The Whitney Biennial: Contemporary Art is History
When the Whitney’s Biennial opened a few weeks ago, the critics came with hands on holsters and left, by and large, pleased, even ecstatic. “Winningly theatrical” (The New Yorker); “an exciting, powerful case for art” (The New York Times); “aesthetics are alive downtown” (The Wall Street Journal). No doubt, the young curators (Christopher Lew and Mia Locks) put together a display that showcases enormous and diverse talent. But if the Whitney aimed, as it says, “to gauge the state of art in America today”, what it shows is that contemporary art — at least insofar as it is represented by the Biennial — has not yet adapted to today’s world. Whereas contemporary art was once edgy, thought-provoking, and moving — forcing its audience to confront a new world in new ways — the work of the Biennial seems more lost and adrift, as bewildered by today’s world as its audience.
(Disclosure: the Whitney is one of my favorite museums — I’ve made and will continue to make small donations to their cause, so this discussion comes from the perspective of a “concerned citizen” intending to spark discussion.)
It’s particularly tragic because its audience is desperate to be engaged. You can see them dutifully reading the plaques and staring at the pieces, as though waiting for a feeling — for some sense of profoundness, a thought or an emotion, something, anything, to swell through them. As though if they pause for a moment longer, the art might reach out and pinch their shoulders in just the right way, casually releasing the stiffness caused by sedentary city life. The question of what causes that feeling is one of the great mysteries of art. The yearning to feel is constant, and yet at the Whitney’s Biennial, feeling something is the exception. The experience is decidedly unlike, for example, visiting the 9/11 Museum, where many museum goers are often moved to, and beyond, the point of tears. (While the 9/11 museum deals with an inherently tragic and moving subject, so too does much of the art in the Biennial.)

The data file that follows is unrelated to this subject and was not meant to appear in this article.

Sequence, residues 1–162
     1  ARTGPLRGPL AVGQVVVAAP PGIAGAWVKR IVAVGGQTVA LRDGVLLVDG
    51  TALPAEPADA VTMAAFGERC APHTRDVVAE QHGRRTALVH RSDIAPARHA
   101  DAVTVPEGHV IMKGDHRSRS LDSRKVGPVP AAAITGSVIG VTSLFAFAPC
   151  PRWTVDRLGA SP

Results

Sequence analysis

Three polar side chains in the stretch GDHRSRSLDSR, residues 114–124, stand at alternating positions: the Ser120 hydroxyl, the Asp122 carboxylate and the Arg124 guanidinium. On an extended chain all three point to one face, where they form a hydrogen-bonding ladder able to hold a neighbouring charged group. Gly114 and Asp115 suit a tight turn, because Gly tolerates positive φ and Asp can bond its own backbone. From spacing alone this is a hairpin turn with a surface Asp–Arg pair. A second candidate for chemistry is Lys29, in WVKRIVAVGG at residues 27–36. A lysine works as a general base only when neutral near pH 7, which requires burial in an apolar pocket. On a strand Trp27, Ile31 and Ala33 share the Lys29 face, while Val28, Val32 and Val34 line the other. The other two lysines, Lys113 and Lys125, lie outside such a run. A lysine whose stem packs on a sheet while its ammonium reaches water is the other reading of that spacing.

Many museum-goers are reluctant to admit they don’t “get it”, afraid to be outed as some intruder who doesn’t belong in smart society. And there are plenty of contemporary art’s advocates on standby, ready to make people feel that way. But truth has a way of bubbling up. It shows in the basic economics of art. The Whitney, for example, reported under $15 million of admissions revenue in 2016; the Museum of Modern Art — one of the largest collections of modern art — reported just under $33 million of admissions revenues in 2015. By contrast, the Empire State Building’s observation deck generated $53 million in the first six months of 2016 alone. (While it’s not entirely fair to compare a museum, fixed in one place, with the movie industry, it’s worth noting that more than 100 movies released in 2016 made over $15 million in revenues, many of them significantly more — with Finding Dory bringing in over a billion.) This is not to say that either the Whitney or MoMA are struggling. The Whitney’s total endowment assets (which includes money donated by donors who restrict its use to certain causes) exceed $300 million; for MoMA, the number is north of $380 million. But unlike movies or other tourist sites, modern art museums depend on the largesse of a few, rather than the small contributions of many. In this way, they echo the contrast between political candidates who rely on a few wealthy donors versus those who can boast that most of their money comes from small contributions. Both reflect a failure to connect with a larger audience. As the poet-novelist Ben Lerner put it in Leaving the Atocha Station, “I had long worried that I was incapable of having a profound experience of art and I had trouble believing that anyone did, at least anyone I knew. . . . I was interested in the disconnect between my experience of actual artworks and the claims made on their behalf; the closest I’d come to having a profound experience of art was probably the experience of this distance, a profound experience of the absence of profundity.”